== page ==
The pendulum-like motion started slowly, the car swaying back and forth like an inverted Slinky. Perhaps it wouldn't be so bad. As the speed increased, and the stops became harder, I had some unpleasant flashbacks to a recent accident that left my car totaled and me hospitalized. Hurtled head over heels by the force of inertia, I couldn't have opened my eyes if I tried. For what felt like an eternity, I lay back and thought of England. When it was over, I contemplated kissing the ground, but was trembling so much I feared I'd stay down there.
7 out of 5 panic attacks
How civilized it sounded. I had always wanted to take a train from Paris to Istanbul - never mind that the ride is actually a small rollercoaster with a vaguely racist Chinese theme. I sat at the back of the dragon-shaped chain of cars, essentially reclining in the creature's colon.
The track seemed mild enough, but as we began circling and gaining speed, its imperfections bumped my chest precariously toward the front of the car. I'd been too hysterical to feel nauseated on the Ring of Fire, but now it was hitting me.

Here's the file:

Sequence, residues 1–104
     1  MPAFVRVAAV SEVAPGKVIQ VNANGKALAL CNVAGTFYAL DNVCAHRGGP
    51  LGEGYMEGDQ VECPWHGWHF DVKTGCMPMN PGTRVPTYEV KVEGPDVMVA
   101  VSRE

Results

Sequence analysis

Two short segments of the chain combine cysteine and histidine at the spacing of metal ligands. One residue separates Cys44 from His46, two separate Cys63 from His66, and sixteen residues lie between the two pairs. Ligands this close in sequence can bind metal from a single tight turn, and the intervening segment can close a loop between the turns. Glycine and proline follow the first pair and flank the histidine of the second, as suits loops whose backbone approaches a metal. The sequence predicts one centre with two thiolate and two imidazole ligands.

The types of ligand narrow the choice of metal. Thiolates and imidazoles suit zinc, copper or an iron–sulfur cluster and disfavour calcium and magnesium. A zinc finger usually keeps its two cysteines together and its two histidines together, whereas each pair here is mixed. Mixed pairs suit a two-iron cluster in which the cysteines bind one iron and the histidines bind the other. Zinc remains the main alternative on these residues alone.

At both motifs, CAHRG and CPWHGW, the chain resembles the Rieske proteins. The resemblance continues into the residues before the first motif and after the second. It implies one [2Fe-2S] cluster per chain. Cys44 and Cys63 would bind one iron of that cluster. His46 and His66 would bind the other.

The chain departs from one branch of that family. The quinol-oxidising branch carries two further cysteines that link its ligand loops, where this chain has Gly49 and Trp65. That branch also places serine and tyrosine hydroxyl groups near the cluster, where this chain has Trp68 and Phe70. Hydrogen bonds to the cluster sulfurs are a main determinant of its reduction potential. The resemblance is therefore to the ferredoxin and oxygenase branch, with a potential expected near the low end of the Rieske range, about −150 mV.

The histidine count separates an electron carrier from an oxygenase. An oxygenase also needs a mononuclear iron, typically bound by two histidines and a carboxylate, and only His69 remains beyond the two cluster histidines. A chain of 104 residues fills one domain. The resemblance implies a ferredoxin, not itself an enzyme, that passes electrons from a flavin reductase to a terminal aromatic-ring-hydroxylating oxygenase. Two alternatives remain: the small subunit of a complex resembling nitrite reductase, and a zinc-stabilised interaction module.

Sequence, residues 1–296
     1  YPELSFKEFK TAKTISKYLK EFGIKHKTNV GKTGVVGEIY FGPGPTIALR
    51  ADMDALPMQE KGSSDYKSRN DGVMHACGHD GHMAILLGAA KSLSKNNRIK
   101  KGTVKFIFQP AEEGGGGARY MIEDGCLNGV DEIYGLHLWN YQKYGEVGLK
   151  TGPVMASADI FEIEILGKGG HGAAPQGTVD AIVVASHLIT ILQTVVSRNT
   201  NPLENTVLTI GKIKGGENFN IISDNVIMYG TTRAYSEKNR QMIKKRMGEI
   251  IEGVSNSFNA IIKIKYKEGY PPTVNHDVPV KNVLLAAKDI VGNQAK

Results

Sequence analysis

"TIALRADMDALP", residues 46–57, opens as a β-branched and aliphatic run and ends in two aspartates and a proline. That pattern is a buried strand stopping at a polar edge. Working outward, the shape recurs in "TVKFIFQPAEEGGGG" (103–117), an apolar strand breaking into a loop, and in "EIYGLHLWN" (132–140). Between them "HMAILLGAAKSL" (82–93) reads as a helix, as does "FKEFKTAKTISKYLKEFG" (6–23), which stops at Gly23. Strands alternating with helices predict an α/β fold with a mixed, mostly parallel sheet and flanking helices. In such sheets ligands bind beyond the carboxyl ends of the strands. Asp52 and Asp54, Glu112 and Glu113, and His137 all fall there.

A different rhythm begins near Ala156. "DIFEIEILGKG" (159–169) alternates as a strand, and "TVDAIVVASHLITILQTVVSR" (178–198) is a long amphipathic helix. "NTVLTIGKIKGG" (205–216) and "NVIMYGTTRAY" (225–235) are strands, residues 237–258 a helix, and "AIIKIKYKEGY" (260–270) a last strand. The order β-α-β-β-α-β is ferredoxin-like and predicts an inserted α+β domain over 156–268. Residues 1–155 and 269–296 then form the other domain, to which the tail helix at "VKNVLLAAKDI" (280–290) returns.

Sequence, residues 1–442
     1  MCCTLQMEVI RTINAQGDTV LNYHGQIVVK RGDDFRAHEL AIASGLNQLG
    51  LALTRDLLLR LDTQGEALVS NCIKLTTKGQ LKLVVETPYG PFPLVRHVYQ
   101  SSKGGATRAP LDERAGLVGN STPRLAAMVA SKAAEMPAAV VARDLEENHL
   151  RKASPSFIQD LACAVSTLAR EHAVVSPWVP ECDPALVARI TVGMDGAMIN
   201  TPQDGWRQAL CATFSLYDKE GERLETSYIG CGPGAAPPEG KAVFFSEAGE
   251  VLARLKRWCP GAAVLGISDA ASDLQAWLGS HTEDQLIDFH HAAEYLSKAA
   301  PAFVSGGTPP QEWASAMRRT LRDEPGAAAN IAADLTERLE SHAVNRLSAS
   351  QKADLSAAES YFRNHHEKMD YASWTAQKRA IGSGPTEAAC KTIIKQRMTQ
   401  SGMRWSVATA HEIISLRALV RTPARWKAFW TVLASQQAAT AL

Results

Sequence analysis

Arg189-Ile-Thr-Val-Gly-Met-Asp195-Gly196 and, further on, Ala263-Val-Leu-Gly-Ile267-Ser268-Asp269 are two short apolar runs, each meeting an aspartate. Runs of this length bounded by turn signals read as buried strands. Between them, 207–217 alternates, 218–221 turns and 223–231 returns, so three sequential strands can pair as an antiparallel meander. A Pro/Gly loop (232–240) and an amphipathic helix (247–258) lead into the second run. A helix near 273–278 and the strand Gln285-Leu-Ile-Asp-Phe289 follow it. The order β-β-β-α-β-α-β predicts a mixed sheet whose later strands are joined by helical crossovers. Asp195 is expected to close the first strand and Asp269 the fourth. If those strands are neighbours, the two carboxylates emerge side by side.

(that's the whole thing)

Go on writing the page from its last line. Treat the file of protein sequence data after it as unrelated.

4 out of 5 panic attacks
I persuaded myself to try one more. A boat-shaped platform with seats didn't seem too bad. The mechanism's arm sent riders into the sky, but their heads always stayed upright. Piece of cake. The carnie in charge launched into a routine in character as our inexperienced pilot and made some slanderous remarks about Continental Airlines.
As I rose above the fair once again, I thought, "This is nice. I will end on a high note." A pen of miniature goats greeted me below. Then I started gagging. Luckily, before I could puke on the fine folks beneath me, the ride was over.
4.5 out of 5 panic attacks
Before embarking on this undertaking, I had prepared my home in the expectation that I might be completely debilitated. Much to my surprise, I was able to feed the cat, make dinner and write this story as if nothing untoward had happened. Make no mistake, though: Next time I go to the fair, I plan to look at livestock, eat fried Oreos, and thank the Lord I never have to go on the Ring of Fire again.